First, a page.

10 Pick. 513, 27 Mass. 513

November, 1830

According to the statute of 1751, for correcting the calendar, a person born on the 4th of April, 1745, old style, would not come of age until the 15th of April, 1766, new style; consequently he could not gain a settlement in a town by a year's residence without being warned out, there being less than a year between the time of his coming of age and the 10th of April, 1767, after which day (by Prov. St. 7 Geo. 3.) a settlement could not be gained by mere residence without being warned out.

ASSUMPSIT for supplies furnished by the plaintiffs to Sally Dury, a pauper, and her two children.

By the report of Putnam J., before whom the cause was tried, it appeared that Sally Dury had been twice married, but that she had not gained a settlement thereby, and that she had a derivative settlement from her father, Peter Hunt.

Peter Hunt was born on the 4th of April, 1745, old style, at Weymouth, and resided there till about the year 1764. He then went to Boston where he resided about three years. He was married at Boston in February 1766. He and his wife and family were warned out of Boston on the 15th of March, 1768.

A nonsuit was entered, subject to the opinion of the Court on the question, whether the legal settlement of Sally Dury was in Boston.

Proctor, for the plaintiffs.

SHAW, C. J. delivered the opinion of the Court. Questions of legal settlement have very properly been held to depend upon a strict and precise application of the rules of positive law. Towns being under no obligation to support paupers, except that created by law, a case must be brought strictly within the provisions of the law, before the obligation arises, and approximation, however near, will not be sufficient. [Note 1] Like

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the case of coming of age, or the period of limitation, for convenience and certainty an exact term is fixed, upon the arrival of which the right or obligation attaches, and not till then.

It is contended that Peter Hunt had a settlement in Boston; and this is the only question between the parties; for if he had not a settlement there, it is quite immaterial to this action, whether he had any other settlement.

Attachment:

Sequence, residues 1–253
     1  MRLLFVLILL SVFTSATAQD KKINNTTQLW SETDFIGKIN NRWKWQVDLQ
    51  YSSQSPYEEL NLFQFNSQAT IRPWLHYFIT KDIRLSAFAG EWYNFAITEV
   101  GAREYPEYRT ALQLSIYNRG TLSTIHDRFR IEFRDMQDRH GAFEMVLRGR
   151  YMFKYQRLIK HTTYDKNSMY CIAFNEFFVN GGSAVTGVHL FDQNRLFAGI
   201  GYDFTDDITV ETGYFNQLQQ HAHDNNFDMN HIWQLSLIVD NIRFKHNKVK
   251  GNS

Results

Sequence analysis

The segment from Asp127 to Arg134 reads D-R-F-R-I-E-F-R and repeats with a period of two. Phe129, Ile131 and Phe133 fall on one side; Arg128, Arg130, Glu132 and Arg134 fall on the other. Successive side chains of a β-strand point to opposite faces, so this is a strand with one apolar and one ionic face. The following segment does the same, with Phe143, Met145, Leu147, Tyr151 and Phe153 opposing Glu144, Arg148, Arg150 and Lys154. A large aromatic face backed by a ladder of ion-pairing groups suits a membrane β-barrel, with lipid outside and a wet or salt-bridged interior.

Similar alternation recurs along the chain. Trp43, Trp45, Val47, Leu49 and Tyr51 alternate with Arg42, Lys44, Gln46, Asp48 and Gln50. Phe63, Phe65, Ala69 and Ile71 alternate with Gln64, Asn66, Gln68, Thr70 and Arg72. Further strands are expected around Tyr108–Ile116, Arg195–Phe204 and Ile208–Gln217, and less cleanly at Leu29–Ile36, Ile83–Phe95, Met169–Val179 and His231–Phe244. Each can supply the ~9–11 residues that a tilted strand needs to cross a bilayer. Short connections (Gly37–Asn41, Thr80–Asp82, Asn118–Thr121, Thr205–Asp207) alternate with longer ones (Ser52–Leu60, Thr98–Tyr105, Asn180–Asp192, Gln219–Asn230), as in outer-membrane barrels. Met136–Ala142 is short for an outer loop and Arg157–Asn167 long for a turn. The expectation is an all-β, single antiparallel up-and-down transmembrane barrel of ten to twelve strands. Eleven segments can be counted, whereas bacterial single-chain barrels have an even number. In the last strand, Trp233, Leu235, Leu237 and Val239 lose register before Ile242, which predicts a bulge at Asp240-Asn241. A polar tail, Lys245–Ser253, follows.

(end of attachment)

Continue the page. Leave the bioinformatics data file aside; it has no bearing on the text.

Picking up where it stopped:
By the statute of 1692, (Anc. Chart. 251,) a residence of three months in a town, without being warned out, gave a settlement; and by the statute of 1701, (Anc. Chart. 364,) the term was extended to twelve months; and so the law continued until the 10th of April, 1767. By the statute of that year, (Anc. Chart. 663,) mere residence, whether the person was warned out or not, would not give a settlement.

The warning given to Hunt and his family in 1768, may be laid out of the case, the statute last cited rendering it wholly nugatory.

The question is, whether Hunt gained a settlement by a residence in Boston, one year prior to the 10th of April, 1767. It has been held, that the residence must be by a person competent to fix the place of his residence at his own will, and therefore cannot commence till he is twenty-one years of age; and that his being married under age, does not alter his capacity in this respect. Taunton v. Plymouth, 15 Mass. 203 . But for the change of style, Hunt would have resided in Boston one year after he came of age and before the 10th of April, 1767. The act of parliament, adopted in this province, by which the style was changed, (in 1751,) enacted that the natural day next following the 2d day of September, 1752, should be called and accounted the 14th day, omitting the eleven intermediate nominal days, and so in succession. After various provisions regulating the times when contracts and notes should become due, the meetings of courts and other public bodies, and divers other rights, duties and subjects affected by this change, it was further declared, that nothing in the act should extend to accelerate or anticipate the time of attaining twenty-one years of age, by any person then born; and that no person should be deemed to have attained the age of one and twenty years, until the full number of years and days should

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have elapsed on which such person would have attained such age, in case the act had not been passed. Anc. Chart. 579. This is decisive. Hunt was born the 4th of April, 1745; he became twenty-one years old the 4th of April, 1766, old style, to which are to be added eleven days, making it the 15th. Of course on the 10th of April, 1767, he had not resided in Boston one year, by the space of four days, and consequently had not acquired a settlement by a year's residence prior to that day.

Nonsuit made absolute.


[Note 1] See Monson v. Chester, 22 Pick. 388 .